Quaranta D.,University of Nebraska - Lincoln | Krans T.,Nebraska Wesleyan University | Santo C.E.,University of Nebraska - Lincoln | Santo C.E.,University of Coimbra | And 4 more authors.
Applied and Environmental Microbiology | Year: 2011

Surfaces made of copper or its alloys have strong antimicrobial properties against a wide variety of microorganisms. However, the molecular mode of action responsible for the antimicrobial efficacy of metallic copper is not known. Here, we show that dry copper surfaces inactivate Candida albicans and Saccharomyces cerevisiae within minutes in a process called contact-mediated killing. Cellular copper ion homeostasis systems influenced the kinetics of contact-mediated killing in both organisms. Deregulated copper ion uptake through a hyperactive S. cerevisiae Ctr1p (ScCtr1p) copper uptake transporter in Saccharomyces resulted in faster inactivation of mutant cells than of wild-type cells. Similarly, lack of the C. albicans Crp1p (CaCrp1p) copper-efflux P-type ATPase or the metallothionein CaCup1p caused more-rapid killing of Candida mutant cells than of wild-type cells. Candida and Saccharomyces took up large quantities of copper ions as soon as they were in contact with copper surfaces, as indicated by inductively coupled plasma mass spectroscopy (ICP-MS) analysis and by the intracellular copper ion-reporting dye coppersensor-1. Exposure to metallic copper did not cause lethality through genotoxicity, deleterious action on a cell's genetic material, as indicated by a mutation assay with Saccharomyces. Instead, toxicity mediated by metallic copper surfaces targeted membranes in both yeast species. With the use of Live/Dead staining, onset of rapid and extensive cytoplasmic membrane damage was observed in cells from copper surfaces. Fluorescence microscopy using the indicator dye DiSBaC 2(3) indicated that cell membranes were depolarized. Also, during contact-mediated killing, vacuoles first became enlarged and then disappeared from the cells. Lastly, in metallic copper-stressed yeasts, oxidative stress in the cytoplasm and in mitochondria was elevated. © 2011, American Society for Microbiology. Source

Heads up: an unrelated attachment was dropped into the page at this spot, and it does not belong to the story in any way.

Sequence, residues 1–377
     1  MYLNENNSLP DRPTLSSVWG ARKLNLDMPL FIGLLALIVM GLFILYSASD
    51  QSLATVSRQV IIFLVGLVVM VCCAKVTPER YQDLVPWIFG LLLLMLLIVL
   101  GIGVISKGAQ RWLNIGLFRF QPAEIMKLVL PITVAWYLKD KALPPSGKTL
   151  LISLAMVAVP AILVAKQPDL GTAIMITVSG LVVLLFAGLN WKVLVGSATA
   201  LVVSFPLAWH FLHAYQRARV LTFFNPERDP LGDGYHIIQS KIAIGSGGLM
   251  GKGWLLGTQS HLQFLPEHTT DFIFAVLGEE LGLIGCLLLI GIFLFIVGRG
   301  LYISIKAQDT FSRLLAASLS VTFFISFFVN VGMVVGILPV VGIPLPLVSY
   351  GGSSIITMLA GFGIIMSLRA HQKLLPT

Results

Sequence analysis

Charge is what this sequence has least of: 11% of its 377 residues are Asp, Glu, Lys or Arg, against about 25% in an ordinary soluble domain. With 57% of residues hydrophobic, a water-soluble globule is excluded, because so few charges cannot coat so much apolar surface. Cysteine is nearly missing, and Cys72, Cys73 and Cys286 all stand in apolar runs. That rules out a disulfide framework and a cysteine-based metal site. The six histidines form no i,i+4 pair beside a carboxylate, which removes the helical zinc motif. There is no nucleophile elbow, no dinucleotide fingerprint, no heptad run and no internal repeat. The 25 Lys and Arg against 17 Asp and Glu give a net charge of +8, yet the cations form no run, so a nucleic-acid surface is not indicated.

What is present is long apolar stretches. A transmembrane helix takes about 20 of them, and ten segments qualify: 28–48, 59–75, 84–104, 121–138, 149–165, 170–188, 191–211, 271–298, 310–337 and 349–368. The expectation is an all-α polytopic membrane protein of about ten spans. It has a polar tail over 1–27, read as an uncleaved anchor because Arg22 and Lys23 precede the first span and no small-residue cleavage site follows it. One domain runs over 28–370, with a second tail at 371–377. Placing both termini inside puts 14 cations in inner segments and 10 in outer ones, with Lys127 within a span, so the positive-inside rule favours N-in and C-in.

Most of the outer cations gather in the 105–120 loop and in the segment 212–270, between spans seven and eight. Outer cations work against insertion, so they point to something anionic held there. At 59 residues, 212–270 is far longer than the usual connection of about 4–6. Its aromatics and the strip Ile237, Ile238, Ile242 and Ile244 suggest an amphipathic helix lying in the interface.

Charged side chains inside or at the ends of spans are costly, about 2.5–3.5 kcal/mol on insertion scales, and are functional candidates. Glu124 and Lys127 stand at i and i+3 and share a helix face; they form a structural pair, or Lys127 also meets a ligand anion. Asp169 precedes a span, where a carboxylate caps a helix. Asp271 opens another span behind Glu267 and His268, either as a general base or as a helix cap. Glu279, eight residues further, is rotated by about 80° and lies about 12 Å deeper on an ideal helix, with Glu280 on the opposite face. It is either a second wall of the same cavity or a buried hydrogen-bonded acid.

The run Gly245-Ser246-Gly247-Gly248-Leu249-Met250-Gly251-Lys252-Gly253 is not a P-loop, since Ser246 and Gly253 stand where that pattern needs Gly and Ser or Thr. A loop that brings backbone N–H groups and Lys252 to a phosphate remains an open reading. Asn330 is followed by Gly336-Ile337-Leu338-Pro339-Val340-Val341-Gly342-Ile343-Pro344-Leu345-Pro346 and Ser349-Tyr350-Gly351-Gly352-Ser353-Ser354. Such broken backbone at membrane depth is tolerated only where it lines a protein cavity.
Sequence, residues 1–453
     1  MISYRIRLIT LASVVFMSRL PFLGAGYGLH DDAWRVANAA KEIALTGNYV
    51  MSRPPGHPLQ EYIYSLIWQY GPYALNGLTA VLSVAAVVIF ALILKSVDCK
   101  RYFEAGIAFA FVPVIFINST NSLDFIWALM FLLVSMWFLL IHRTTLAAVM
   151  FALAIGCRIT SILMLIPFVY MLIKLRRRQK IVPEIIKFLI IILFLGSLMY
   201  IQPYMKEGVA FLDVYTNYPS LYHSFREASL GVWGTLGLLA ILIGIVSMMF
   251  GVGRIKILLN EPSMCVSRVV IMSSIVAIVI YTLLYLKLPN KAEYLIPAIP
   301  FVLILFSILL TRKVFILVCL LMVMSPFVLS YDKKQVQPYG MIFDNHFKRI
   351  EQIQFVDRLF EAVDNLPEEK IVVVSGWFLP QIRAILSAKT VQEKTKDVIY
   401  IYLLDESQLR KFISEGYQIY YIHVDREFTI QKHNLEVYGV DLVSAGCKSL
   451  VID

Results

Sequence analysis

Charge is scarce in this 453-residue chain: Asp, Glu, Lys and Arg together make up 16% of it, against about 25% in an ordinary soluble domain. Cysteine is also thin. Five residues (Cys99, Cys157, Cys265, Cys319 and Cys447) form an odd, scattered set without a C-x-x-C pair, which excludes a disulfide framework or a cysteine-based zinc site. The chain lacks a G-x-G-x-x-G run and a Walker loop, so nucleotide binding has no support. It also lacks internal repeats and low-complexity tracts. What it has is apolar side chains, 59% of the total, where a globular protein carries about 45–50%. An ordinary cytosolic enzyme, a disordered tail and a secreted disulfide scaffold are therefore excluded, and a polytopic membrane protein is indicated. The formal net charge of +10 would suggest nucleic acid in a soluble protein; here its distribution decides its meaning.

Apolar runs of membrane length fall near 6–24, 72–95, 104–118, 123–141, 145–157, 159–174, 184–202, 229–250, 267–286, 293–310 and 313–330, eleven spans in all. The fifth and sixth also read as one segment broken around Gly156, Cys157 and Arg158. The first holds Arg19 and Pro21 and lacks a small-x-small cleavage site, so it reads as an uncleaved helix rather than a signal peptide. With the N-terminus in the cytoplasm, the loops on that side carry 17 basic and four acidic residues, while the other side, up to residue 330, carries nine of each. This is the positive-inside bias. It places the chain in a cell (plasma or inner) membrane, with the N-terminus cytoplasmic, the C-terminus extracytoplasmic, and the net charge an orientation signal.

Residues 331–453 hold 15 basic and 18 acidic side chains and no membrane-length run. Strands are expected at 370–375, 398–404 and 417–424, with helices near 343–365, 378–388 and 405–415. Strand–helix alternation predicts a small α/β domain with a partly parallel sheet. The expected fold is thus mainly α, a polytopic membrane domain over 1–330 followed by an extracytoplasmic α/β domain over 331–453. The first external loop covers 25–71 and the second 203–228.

Stern S.A.,Southwest Research Institute | Cunningham N.J.,Nebraska Wesleyan University | Hain M.J.,Nebraska Wesleyan University | Spencer J.R.,Southwest Research Institute | Shinn A.,Southwest Research Institute
Astronomical Journal | Year: 2012

We have observed the mid-UV spectra of both Pluto and its large satellite, Charon, at two rotational epochs using the Hubble Space Telescope (HST) Cosmic Origins Spectrograph (COS) in 2010. These are the first HST/COS measurements of Pluto and Charon. Here we describe the observations and our reduction of them, and present the albedo spectra, average mid-UV albedos, and albedo slopes we derive from these data. These data reveal evidence for a strong absorption feature in the mid-UV spectrum of Pluto; evidence for temporal change in Pluto's spectrum since the 1990s is reported, and indirect evidence for a near-UV spectral absorption on Charon is also reported. Source

Discover hidden collaborations